Trump’s legal team plans to argue that Trump did not incite the rioters, and that the trial of a former president is unconstitutional after the House rushed to impeach Trump without giving him the chance to mount any defense.
The House managers will file a response to Trump’s initial filing by 12 p.m. ET, giving them an opportunity to push back on the claims that both Trump and most Senate Republicans are making that the trial itself is unconstitutional.
The parameters of the trial — which will be the first time in US history a former president is tried — still have not been set. Senate Majority Leader Chuck Schumer and Senate Minority Leader Mitch McConnell are negotiating the organizing resolution, which will dictate how long each side will have to make their arguments and how witnesses could be considered. The Senate will vote on the resolution before the trial’s arguments get underway, and both Democrats and Republicans are hopeful it will have bipartisan support.
All sides expect a shorter trial than Trump’s three-week impeachment trial in 2020, but the exact length of time for arguments is still undecided.
‘I think it’s very unlikely’
The other key Republican senators voted with Toomey and the Democrats that the trial was constitutional: Susan Collins of Maine, Lisa Murkowski of Alaska, Mitt Romney of Utah and Ben Sasse of Nebraska.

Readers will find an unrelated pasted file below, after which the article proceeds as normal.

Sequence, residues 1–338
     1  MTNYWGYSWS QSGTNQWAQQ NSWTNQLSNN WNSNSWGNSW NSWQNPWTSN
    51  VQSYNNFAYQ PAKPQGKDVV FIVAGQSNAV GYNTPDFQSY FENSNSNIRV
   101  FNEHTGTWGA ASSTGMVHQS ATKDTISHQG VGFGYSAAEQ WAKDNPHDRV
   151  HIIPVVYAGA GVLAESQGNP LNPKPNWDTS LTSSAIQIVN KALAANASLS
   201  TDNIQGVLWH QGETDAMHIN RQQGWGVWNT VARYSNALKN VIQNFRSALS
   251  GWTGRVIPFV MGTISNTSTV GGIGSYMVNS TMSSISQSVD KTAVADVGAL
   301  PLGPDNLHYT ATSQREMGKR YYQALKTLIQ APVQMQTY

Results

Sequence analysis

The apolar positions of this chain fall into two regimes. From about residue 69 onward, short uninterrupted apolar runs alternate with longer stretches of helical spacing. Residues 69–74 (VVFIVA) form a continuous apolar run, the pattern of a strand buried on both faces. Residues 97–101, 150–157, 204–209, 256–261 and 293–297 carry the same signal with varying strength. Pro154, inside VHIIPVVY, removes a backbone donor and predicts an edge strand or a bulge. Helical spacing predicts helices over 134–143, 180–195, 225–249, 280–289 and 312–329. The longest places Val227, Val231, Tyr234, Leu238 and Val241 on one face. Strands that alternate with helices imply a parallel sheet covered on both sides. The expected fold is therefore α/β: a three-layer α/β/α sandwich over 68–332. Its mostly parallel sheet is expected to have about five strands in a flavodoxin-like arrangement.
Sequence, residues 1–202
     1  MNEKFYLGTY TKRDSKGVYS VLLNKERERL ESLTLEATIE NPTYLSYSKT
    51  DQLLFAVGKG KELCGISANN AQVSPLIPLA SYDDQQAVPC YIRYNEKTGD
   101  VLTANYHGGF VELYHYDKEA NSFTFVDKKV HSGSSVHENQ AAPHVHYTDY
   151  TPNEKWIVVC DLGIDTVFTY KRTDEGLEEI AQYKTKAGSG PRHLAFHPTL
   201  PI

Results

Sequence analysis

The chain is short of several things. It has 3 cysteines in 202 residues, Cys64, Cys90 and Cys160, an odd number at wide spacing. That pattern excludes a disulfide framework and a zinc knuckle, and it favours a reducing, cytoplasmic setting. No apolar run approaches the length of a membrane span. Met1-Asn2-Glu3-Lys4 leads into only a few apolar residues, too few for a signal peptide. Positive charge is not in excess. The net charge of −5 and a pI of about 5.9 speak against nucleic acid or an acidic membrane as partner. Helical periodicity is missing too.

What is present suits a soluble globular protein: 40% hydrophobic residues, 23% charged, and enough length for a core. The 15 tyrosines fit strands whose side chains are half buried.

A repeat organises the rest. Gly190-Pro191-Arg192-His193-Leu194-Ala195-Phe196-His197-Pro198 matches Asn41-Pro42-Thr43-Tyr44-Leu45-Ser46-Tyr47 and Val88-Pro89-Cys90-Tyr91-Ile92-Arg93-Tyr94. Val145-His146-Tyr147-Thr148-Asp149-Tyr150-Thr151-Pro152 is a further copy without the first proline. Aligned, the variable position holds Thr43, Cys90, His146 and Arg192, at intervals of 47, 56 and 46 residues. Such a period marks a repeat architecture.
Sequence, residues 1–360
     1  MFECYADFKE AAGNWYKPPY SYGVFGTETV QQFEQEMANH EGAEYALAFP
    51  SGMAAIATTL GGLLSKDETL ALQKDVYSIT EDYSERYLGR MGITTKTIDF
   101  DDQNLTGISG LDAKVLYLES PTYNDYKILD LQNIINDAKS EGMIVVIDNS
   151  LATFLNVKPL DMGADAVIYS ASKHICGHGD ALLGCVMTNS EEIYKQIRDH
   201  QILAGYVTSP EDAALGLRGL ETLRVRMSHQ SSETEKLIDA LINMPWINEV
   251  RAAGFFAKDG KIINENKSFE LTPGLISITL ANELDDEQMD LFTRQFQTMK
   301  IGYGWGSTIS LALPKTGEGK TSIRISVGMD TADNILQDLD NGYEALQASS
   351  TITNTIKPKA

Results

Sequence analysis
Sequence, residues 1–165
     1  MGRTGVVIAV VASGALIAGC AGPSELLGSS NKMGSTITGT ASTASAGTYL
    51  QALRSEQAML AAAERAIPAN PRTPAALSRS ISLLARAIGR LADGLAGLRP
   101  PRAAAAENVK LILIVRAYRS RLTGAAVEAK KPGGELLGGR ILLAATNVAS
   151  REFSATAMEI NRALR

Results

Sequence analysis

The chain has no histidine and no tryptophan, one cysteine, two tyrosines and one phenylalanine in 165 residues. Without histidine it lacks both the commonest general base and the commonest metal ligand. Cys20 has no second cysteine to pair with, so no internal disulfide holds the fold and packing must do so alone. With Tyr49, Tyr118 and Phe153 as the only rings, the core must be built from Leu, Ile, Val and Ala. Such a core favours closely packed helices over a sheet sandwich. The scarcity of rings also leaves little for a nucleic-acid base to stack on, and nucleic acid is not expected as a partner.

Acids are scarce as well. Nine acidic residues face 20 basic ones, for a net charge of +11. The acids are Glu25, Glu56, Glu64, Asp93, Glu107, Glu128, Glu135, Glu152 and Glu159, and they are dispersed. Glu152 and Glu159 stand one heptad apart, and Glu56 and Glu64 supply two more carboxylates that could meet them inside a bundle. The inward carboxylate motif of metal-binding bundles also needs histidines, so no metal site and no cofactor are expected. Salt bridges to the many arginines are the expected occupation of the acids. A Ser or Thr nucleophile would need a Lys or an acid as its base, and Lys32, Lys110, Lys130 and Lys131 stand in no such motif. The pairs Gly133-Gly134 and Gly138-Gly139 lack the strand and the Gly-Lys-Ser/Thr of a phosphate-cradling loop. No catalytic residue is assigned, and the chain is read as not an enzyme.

Democrats’ case will rely on video of the rioters themselves on January 6 as well as their comments, laid out in subsequent indictments, of how they were inspired by Trump to attack the Capitol and attempt to stop the peaceful transfer of power.
‘This is all about a political theater’
In their legal filing last week, Trump’s team argued that his speech was protected by the First Amendment, and he did not incite the rioters who attacked the Capitol. But perhaps the bigger argument his lawyers plan to make — and the one that Senate Republicans are likely point to in an acquittal vote — is that the trial of a former official is not constitutional.
“This is all about a political theater,” former Trump White House chief of staff Mark Meadows told Fox News’ Maria Bartiromo on Sunday. “It’s really about Democrats trying to once again make a political point. Listen, this whole impeachment is designed to remove someone from office. President Trump is a private citizen at this point.”
“We have the unusual circumstance where on the very first day of the trial, when those managers walk on the floor of the Senate, there will already be over 100 witnesses present, and those will be the House and Senate members,” House Intelligence Chairman Adam Schiff, the lead impeachment manager during Trump’s first impeachment, said on NBC’s “Meet the Press.” “Whether you need additional witnesses will be a strategic call for the House managers.”
Debate over witnesses looms over start of trial
Still, some Senate Democrats say they don’t want to hamstring the managers for the sake of speed. Because Democrats control the Senate, they have the votes to allow for witnesses without GOP support, unlike in the 2020 trial.
“I think we should be consistent,” Sen. Chris Murphy, a Connecticut Democrat, said on “Fox News Sunday” about Senate Democrats’ push in the first trial to subpoena witnesses.
“This time, we saw what happened in real time,” Murphy added. “President Trump sent that angry mob to the Capitol on live TV, so it’s not as important that you have witnesses, but if the House managers want witnesses, we should allow them to be able to put them on.”
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